British aerial skier Lloyd Wallace doesn’t remember what happened on 17 August 2017.
He doesn’t know what he had for dinner the night before, and also doesn’t remember anything about the few days that followed.
But the 2018 Winter Olympic hopeful knows he had a lucky escape.
The 22-year-old was undertaking a routine training day in Mettmenstetten, Switzerland, when everything went a little blurry.
“I was halfway through my session and I was coming down the ramp. As I was coming into the transition, I caught an edge,” he told BBC Sport.
“I was completely off balance, and because I wasn’t prepared I buckled into the jump and hit my head. I was knocked out immediately and fell into the water.”
Aerial skiers land in water instead of snow during summer training, and Wallace had to be hauled unconscious from the pool by Ukraine and Russian team doctors who happened to be nearby.
“They dived in immediately after they saw what happened. The paramedics were called and I was airlifted to Zurich hospital and put into an induced coma for 24 hours,” he added.
“I don’t remember waking up for a couple of days after that.”
Remarkably, Wallace suffered no other injuries save for serious concussion and was released from hospital soon after the accident.
After a period of rest and rehabilitation at Bisham Abbey National Sports Centre, he was back training within two months.
“I was lucky I got over it so quickly. I’ve got friends who have had smaller head knocks in rugby and have been out for longer,” said the world junior bronze medalist.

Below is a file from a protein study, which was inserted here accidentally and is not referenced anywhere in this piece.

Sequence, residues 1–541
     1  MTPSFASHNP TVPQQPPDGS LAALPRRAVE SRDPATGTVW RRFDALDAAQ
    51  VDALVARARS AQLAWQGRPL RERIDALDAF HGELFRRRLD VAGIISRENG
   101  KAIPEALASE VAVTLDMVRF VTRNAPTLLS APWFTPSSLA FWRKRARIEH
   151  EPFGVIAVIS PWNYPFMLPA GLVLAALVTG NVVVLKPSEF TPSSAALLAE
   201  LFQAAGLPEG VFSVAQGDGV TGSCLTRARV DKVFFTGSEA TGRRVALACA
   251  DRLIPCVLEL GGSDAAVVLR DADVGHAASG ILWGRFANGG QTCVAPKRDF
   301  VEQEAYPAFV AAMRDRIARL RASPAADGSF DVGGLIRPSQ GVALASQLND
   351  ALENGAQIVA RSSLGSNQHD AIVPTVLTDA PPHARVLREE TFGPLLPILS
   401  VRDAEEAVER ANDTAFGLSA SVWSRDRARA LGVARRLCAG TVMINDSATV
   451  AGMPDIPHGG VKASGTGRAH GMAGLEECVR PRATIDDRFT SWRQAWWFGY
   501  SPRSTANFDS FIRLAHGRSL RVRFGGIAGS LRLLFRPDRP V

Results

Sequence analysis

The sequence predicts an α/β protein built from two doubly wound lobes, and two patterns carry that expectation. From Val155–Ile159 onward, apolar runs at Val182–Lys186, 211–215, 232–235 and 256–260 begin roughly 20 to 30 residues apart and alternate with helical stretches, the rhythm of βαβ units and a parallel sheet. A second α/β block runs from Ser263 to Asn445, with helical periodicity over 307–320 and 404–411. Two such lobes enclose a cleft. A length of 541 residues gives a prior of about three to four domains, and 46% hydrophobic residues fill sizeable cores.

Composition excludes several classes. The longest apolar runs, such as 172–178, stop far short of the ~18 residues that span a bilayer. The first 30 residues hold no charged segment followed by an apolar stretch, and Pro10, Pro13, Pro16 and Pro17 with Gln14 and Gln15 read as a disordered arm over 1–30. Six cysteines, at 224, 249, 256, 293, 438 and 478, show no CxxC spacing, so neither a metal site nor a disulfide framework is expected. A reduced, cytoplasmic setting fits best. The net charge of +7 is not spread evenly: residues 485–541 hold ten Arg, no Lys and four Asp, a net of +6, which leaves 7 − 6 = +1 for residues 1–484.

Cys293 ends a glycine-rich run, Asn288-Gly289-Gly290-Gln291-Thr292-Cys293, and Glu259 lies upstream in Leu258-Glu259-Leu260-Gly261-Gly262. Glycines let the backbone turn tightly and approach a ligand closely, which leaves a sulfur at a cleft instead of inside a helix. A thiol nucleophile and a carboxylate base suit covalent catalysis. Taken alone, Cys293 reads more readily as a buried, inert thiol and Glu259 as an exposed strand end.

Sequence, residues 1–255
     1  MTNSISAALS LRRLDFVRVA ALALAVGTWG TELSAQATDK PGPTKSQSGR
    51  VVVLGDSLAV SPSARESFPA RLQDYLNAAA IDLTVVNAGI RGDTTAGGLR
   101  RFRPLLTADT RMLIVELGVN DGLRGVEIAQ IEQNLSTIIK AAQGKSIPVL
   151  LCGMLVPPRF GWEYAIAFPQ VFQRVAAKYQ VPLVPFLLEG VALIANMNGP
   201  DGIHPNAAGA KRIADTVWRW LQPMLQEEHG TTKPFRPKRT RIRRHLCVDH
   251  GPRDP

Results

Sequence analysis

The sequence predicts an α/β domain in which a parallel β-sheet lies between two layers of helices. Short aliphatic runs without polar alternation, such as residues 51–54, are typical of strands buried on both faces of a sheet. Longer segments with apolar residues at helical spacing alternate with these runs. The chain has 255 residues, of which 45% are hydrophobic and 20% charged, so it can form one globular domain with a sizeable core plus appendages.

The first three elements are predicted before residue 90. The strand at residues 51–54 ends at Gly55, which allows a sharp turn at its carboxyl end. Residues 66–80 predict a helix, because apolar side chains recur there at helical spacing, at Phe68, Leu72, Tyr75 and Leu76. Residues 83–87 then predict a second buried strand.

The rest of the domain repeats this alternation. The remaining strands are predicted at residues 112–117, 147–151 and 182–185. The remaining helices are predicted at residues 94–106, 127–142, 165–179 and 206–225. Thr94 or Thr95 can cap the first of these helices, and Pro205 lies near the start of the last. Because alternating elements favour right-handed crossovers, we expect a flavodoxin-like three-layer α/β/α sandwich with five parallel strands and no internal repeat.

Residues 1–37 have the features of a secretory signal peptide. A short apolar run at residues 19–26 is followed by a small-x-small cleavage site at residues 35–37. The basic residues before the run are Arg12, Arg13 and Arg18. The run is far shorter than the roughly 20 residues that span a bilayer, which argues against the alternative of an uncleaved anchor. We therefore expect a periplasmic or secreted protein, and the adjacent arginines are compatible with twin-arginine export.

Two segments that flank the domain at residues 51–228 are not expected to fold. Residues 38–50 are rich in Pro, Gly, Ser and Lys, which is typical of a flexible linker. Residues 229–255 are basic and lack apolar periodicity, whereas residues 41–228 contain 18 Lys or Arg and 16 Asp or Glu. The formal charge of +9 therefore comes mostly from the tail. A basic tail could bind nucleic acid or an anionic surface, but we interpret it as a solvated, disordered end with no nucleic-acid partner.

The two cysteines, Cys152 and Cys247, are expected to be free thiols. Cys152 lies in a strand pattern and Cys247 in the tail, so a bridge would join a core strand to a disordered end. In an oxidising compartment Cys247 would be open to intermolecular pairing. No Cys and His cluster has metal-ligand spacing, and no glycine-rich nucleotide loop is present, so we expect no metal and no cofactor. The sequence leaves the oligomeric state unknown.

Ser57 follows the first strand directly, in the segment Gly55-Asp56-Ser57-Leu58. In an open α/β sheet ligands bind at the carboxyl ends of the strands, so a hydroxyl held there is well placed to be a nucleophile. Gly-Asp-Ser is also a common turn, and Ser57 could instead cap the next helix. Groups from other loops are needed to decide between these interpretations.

“Not remembering it meant I wasn’t petrified when I got back into it.
“There were butterflies in my stomach when I stood at the top of the jump. But as soon as I did my first flip and got to the bottom, I got a big cheer because everyone knew it was a huge step for me.
“It was a moment of euphoria, realising I could do it and I was fine. It felt great.”
Wallace’s focus has now returned to qualifying for his first Winter Olympics in Pyeongchang, which start in 100 days.
The Briton, who trains full-time with the Swiss team, is aiming to become the first male aerial skier since Richard Cobbing in 1998 to compete for Team GB at a Games.
He has used a crowd-funding site to help his bid to reach the Winter Olympics.
Wallace needs enough points from six World Cup events to finish inside the world’s top 25 and earn a place in the field in South Korea.
“As an athlete, when you hear about the Winter Olympics you get that little tingle. I think that tingle has been exaggerated since I’ve come back from my injury,” he said.
“Representing GB and wearing the flag would be an honour. There were a few days when I was scared I wasn’t going to be able to make the Games.
“Coming back into it and realising I can still fulfil the aim I’ve been working on for the last six years is going to be huge.”